Kind of Coal

It’s really not about the product, however useful and historically accurate.

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And it’s even greater than the process–though that is itself wicked cool.

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For 22 years–give or take–Mark’s been making charcoal on that little hill in Chiltonville.

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He’s created a little world which many of us still think about every September, even if we’re a thousand miles away.

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It’s a perfect storm of research, experimentation, and calling on the help of curious souls who recognize the legitimacy of what he has created and who want to help out-

-or at least have a look-

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And in the end, what matters most is the continuity–a sooty perseverance through it all.

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While the wood coals, friendships have been made among many good people who have helped over the years.

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The annual rituals which support this event are vital, if a little humble.

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Some of us are grizzled enough to have memories of menacing hurricanes creeping up the coast…

Do we have enough hay and leaves for the wind-break?

…and sudden fires which we had to be put out in the wee hours.

We’ll never forget that one day in 2001 when the skies above us were so blue-

and so quiet.

Each year, every year, he has built his pile just so-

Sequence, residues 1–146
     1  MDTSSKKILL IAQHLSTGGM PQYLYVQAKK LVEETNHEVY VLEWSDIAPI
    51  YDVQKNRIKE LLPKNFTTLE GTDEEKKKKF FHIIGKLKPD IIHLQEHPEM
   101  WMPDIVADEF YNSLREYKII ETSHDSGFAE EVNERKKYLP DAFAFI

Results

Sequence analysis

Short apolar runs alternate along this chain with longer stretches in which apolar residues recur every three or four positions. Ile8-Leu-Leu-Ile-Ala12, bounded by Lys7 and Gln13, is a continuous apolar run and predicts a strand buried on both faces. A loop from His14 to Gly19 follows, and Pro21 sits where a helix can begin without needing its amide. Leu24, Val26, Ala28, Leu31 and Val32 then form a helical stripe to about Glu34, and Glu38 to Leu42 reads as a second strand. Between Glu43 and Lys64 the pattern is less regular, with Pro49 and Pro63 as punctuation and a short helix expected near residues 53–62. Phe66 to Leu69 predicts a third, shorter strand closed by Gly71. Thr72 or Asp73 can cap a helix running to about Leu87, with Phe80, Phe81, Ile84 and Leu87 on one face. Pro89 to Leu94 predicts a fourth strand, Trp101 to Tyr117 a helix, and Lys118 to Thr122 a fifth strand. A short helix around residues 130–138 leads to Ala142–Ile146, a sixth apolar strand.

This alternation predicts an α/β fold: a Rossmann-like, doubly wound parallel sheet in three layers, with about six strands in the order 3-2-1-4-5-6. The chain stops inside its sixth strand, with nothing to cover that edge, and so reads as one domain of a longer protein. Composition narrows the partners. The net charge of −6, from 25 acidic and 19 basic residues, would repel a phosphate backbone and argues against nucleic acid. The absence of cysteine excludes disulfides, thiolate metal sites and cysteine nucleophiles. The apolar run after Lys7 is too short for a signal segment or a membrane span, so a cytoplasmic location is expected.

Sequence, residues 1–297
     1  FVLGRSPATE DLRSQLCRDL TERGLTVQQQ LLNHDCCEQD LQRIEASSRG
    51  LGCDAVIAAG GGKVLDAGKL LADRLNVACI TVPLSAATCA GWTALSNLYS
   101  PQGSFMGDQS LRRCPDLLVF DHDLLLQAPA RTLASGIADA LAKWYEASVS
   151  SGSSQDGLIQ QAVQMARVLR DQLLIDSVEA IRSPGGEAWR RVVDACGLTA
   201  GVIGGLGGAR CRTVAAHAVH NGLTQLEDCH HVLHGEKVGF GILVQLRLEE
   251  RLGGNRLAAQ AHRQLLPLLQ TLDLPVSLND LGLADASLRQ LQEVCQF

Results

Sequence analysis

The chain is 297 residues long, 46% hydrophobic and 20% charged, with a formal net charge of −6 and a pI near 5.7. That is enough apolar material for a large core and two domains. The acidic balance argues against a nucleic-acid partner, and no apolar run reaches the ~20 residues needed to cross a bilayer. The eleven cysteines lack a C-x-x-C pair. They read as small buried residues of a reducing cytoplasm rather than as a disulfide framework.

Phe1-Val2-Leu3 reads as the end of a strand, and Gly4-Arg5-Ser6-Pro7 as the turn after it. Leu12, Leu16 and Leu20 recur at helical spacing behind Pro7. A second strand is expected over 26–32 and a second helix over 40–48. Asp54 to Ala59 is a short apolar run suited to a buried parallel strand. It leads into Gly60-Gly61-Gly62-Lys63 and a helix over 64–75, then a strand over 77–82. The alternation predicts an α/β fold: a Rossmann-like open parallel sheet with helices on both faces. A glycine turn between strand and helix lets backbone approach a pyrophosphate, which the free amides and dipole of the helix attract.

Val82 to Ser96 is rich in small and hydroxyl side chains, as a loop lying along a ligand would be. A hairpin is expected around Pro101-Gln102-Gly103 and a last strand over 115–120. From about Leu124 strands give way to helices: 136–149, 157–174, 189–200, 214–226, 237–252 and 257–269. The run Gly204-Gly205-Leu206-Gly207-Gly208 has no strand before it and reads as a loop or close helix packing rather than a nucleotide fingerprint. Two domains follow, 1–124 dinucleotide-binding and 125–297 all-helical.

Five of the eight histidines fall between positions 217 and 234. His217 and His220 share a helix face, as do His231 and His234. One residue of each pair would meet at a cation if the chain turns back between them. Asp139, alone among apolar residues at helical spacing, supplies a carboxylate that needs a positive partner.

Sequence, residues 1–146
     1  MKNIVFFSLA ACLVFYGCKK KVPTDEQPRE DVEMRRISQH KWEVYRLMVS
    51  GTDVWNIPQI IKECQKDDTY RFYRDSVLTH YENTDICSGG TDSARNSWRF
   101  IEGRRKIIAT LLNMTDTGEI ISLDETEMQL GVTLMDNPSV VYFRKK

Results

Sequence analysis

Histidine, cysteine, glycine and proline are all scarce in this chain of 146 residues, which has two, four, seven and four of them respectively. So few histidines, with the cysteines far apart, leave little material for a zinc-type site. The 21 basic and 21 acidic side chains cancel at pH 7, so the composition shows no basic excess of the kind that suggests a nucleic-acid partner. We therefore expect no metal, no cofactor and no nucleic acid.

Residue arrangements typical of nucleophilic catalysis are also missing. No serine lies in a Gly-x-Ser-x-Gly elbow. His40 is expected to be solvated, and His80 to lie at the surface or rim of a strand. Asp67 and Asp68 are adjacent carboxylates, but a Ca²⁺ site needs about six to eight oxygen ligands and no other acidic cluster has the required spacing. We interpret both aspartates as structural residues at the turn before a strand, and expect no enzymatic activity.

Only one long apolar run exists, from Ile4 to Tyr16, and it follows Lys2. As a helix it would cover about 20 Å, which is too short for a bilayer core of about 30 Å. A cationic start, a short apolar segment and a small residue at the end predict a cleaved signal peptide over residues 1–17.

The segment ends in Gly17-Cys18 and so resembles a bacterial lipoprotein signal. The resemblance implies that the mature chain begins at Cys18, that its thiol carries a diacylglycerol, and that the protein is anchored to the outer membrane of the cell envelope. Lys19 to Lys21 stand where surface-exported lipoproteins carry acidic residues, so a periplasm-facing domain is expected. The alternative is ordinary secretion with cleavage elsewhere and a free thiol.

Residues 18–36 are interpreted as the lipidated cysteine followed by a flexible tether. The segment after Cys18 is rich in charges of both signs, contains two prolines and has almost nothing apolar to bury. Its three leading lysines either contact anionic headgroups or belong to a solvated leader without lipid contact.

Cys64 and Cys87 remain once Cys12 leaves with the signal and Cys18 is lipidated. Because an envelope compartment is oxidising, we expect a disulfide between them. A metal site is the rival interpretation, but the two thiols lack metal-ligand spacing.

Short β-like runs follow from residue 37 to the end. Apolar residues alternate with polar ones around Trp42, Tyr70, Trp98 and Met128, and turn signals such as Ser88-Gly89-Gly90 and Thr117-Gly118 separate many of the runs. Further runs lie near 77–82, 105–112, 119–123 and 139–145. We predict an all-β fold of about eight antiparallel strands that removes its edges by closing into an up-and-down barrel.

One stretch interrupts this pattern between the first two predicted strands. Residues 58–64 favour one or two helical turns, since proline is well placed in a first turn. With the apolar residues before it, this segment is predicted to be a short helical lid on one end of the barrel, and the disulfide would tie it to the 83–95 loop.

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-with perfectly-sized wood discovered by chance on a visit to a local farmstand where he saw bundles of firewood for sale.

No one will buy these sticks, the brothers told him–it doesn’t look like firewood to most people.

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And when the pile is made, with the help of several friends he covers it over.

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It’s not a bonfire, after all.

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There’s a draw to the mystery of what Mark creates–

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He has always been accommodating to one and all-

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Even as his helpers make their own accommodations for the next few nights-

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A sweet rest. But that’s not chocolate on the pillow-

The collier casts live coals into the chamber in the middle of the charcoal pit.

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Now begins the slow alchemy of transforming wood into coal.

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Brows catch soot as the unmistakable scent of wood turning into coal wafts down River Street, looking for quarter among older September burns.